- According to the Meteorological Department records, this year’s monsoon has so far been the slowest progressing monsoon in at least 12 years.
- The advancement in monsoon is slow and the strong winds that typically accompany the monsoon current are missing.
- Monsoon has currently reached just about 10-15% of the country, whereas two-thirds of India is normally under the spell of monsoon by this time of the year
- The slow progressing monsoon has resulted in a countrywide rainfall deficit of 44% for the season (from June 1).
- The fastest ever monsoon was in 2013, when monsoon had covered the entire country by June 16, a month ahead of the normal date.
Region wise impact
- Central India is the hardest hit by monsoon’s delay. The region has a rain deficit of over 57% in June, which is adding to the drought caused by deficit rainfall in the preceding months.
- The monsoon shortfall in south India So far is 38% while it is 43% in the northeast and 27% in northwest India.
Reasons for slow progress
- Cyclone Vayu: Formation of the northward-moving cyclone Vayu in Arabian Sea drew away moisture from the system. While it brought rain in Gujarat and west coast of the country, it also stalled the monsoon progress.
- No low pressure system: One of the conditions that speeds up the movement of the monsoon is formation of low pressure systems over the Bay of Bengal, which then moves into the mainland, bringing the rain. As of now, there is no low pressure system. However, when formed may accelerate the current.
- El-Nino: El Niño is a naturally occurring phenomenon which has a major influence on weather and climate patterns over many parts of the world. For India, it is linked to below normal rainfall and droughts during the southwest monsoon. Less than normal rains in June is due to presence of an El Nino.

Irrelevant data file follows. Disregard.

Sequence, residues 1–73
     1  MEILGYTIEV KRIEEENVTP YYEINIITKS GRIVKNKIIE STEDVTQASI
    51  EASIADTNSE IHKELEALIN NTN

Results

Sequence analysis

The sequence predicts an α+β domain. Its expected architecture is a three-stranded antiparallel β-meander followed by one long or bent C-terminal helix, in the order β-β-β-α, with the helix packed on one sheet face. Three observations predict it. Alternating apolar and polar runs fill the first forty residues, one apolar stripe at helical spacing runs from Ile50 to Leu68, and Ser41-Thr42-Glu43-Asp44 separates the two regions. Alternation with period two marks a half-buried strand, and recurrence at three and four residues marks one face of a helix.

Note: Monsoon’s movement into north India also depends on a western disturbance coming in at the right time.
Why monsoon is significant for Indian Economy?
Significant for agriculture:
- A huge part of India’s agricultural land is unirrigated and dependent on rain brought by the monsoons. All variations in the summer monsoon affect agriculture and economy of the country.
- India gets around 70 percent of its annual rainfall during the monsoon season, which also affects the yield of some key kharif or summer crops like rice, pulses and oilseeds such as soybeans.
- The Monsoon rains in India also replenish reservoirs and groundwater that helps in improving irrigation and also boosts hydropower production.
Effect on demand:
- In a good monsoon season, farm output goes up, boosting demand for consumer goods as well as income of rural people, leading to a stronger economic outlook that in turn help lift equities, especially of companies selling goods in rural areas.
- However, a poor monsoon season weakens demand for FMCG products, tractors, two-wheelers, rural housing.
Impact on Inflation:
- A good Monsoon season leads to bumper farm output that keeps food prices under control.
- Good monsoon season, also checks government spending on supporting through incentives, subsidies. For example, a good monsoon season can reduce demand for subsidized diesel used for pumping water from wells, ground, ponds or rivers for irrigation.
- On the other hand, a poor monsoon forces the government to spend on the import of food, increase in subsidies as well as take measures like farm loan waivers.